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RED BANK FIREWORKS CANCELLED; SECURITY COSTS, INADEQUATE PUBLIC FUNDING CITED

Scenes from the 2011 fireworks show, when police presence was ramped up following widespread brawling and drunkeness in 2010. (Click to enlarge)

By JOHN T. WARD

Red Bank’s largest public event, the annual KaBoom Fireworks show, is off for 2012 and facing steep barriers to a return, organizers said Wednesday morning.

The nonprofit show’s executive committee, after several months of mulling, concluded about a week ago that the costs and challenges of staging the event, which draws an estimated 100,000 visitors to the borough each July 3, could not be met this year, chairman Tim Hogan told redbankgreen.

“It was a victim of its own success,” Hogan said, with increasingly bigger crowds  drawn to what was billed as the fourth-largest Independence Day fireworks celebration in America in terms of the number and size of shells lofted into the sky above the Navesink River.

“It was a big event,” he said. “It was a challenge to control the crowd and make sure we were providing security to the folks who came.”

An armored personnel carrier was on hand in 2011 as authorities promised to crack down on unruly behavior after several brawls broke out at the 2010 fireworks.  (Click to enlarge)

Organizers have faced rising hurdles in recent years, said Hogan, the president of Riverview Medical Center, one of the event sponsors.

Growing crowds spurred drunkenness and sporadic brawling in the streets, with fights breaking out in 2010 and again in 2011, and dozens of arrests.

The borough government, under tight fiscal restraints, stopped donating police and cleanup services three years ago, saddling the event with an additional $60,000 or more in yearly costs.

Coordination with New Jersey Transit on train scheduling brought thousands more visitors into town, adding to both the crowd size and the need for security, Hogan said.

Meantime, raising money from the private sector became harder as the broader economy struggled to recover from the housing crisis of 2008. Hogan said the 2011 event, in his first year as chairman, started off with a $40,000 deficit from 2010, and though some $360,000 was raised last year, the event just broke even.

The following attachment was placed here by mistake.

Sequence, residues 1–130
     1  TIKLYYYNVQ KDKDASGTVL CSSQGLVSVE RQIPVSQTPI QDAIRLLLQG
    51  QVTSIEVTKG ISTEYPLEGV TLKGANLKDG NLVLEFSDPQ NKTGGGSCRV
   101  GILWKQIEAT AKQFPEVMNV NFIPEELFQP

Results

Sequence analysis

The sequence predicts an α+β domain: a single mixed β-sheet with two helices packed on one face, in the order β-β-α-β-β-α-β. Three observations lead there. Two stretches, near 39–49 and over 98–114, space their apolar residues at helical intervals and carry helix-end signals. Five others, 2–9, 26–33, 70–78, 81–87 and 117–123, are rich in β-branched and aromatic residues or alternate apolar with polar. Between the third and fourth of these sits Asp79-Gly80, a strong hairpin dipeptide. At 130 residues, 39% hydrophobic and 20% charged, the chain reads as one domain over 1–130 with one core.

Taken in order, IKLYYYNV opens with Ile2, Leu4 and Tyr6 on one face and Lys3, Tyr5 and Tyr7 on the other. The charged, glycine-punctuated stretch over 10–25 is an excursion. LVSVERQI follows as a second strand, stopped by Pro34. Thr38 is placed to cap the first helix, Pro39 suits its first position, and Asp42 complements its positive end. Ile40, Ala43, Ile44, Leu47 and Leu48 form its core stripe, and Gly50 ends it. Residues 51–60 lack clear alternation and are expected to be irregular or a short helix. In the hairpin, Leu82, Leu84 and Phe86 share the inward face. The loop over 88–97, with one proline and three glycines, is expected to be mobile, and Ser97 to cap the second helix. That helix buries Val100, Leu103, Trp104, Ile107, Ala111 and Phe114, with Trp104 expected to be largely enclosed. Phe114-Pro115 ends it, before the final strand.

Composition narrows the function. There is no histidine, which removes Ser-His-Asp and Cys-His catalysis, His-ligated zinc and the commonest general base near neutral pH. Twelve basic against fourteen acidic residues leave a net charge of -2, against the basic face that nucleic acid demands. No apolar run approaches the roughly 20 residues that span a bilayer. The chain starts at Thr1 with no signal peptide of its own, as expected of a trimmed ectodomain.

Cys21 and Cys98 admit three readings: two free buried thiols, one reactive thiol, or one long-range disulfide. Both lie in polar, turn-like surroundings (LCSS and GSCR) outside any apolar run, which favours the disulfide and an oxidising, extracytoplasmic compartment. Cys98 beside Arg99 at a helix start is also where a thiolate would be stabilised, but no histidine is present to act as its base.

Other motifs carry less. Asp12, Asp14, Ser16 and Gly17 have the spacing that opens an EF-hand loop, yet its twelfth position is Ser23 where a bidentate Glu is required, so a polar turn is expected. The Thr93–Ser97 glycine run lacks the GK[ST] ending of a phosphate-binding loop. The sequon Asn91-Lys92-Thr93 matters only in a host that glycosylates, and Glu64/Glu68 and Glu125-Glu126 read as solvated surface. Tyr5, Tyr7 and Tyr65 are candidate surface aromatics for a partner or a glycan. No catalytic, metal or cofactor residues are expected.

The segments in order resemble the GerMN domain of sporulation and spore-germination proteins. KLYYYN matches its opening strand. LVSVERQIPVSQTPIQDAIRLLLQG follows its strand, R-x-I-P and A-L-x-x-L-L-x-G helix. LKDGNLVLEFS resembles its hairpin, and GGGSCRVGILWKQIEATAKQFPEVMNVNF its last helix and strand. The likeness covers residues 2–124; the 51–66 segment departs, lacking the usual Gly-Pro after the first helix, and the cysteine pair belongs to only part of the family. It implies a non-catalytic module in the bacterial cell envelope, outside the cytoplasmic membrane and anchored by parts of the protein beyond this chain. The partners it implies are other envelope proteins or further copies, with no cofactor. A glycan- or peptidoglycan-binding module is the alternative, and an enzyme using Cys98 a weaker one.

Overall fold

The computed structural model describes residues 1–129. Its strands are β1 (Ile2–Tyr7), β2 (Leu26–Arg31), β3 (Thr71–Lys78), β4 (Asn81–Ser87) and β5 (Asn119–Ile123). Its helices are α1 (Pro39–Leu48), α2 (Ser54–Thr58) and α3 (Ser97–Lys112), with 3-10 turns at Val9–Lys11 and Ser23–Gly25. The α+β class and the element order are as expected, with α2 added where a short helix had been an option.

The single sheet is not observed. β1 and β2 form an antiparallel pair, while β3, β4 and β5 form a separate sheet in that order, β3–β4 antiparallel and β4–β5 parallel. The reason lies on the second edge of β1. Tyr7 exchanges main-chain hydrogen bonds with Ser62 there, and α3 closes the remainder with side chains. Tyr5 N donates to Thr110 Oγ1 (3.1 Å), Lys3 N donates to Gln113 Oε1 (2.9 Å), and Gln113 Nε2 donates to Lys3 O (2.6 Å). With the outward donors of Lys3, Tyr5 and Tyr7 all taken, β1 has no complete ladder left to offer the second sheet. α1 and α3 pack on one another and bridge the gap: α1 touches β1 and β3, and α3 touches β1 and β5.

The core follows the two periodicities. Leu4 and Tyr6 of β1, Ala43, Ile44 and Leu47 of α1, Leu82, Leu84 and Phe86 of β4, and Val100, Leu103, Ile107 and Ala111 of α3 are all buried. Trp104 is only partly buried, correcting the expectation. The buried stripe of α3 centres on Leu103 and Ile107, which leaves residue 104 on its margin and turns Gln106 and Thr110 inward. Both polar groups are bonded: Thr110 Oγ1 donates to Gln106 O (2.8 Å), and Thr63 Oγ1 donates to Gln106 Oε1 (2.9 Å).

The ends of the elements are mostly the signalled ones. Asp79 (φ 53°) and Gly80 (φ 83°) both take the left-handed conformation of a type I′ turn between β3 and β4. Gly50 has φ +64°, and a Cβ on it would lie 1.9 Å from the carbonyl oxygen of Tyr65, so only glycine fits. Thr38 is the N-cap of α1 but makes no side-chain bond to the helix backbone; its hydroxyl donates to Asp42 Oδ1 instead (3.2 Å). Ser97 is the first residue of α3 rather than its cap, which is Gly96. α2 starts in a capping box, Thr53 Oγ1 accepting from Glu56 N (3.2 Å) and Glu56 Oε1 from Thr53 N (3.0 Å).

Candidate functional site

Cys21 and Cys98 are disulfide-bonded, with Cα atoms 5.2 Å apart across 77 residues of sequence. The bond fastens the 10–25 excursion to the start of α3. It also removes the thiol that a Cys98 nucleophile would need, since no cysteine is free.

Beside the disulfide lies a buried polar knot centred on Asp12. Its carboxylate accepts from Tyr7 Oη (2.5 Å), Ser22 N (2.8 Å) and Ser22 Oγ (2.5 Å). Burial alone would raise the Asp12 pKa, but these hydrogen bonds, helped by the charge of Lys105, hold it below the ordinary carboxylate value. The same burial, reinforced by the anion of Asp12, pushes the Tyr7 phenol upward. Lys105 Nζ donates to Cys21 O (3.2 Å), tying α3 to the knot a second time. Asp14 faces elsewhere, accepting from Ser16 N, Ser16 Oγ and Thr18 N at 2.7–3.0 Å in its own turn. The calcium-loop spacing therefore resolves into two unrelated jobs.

Most of the funding came from large donors, including Springpoint Senior Living, which owns the Atrium at Navesink upscale seniors residence on Riverside Avenue; Meridian Health, parent of Riverview Medical Center, where Hogan is president; and Wells Fargo Bank. On-site donations by attendees were relatively paltry, generating less than $15,000 last year.

The organizers themselves, Hogan acknowledged, may have overreached, in 2010 expanding what used to be a one-day event into three days of carnival rides and other attractions that didn’t draw adequate crowds.

In addition, downtown merchants complained that the event caused them problems with rowdy partiers who were more interested in using restaurant and store bathrooms than in spending money.

But the final nail in the event’s coffin may have been the daylong rain that imperiled the show in 2011, said Hogan. The fireworks went off, but turnout was about half of prior years, underscoring for organizers just how fragile the endeavor was.

The show “got big and ambitious, and when the weather doesn’t cooperate…” he said, trailing off. “We saw the effects of that last year.”

Does he see a comeback for the show in 2013? Hogan said the event “can only be successful with community support. There’s a lot of forces that need to come together” to make the event – which he termed “hard to manage, hard to fund” – work.

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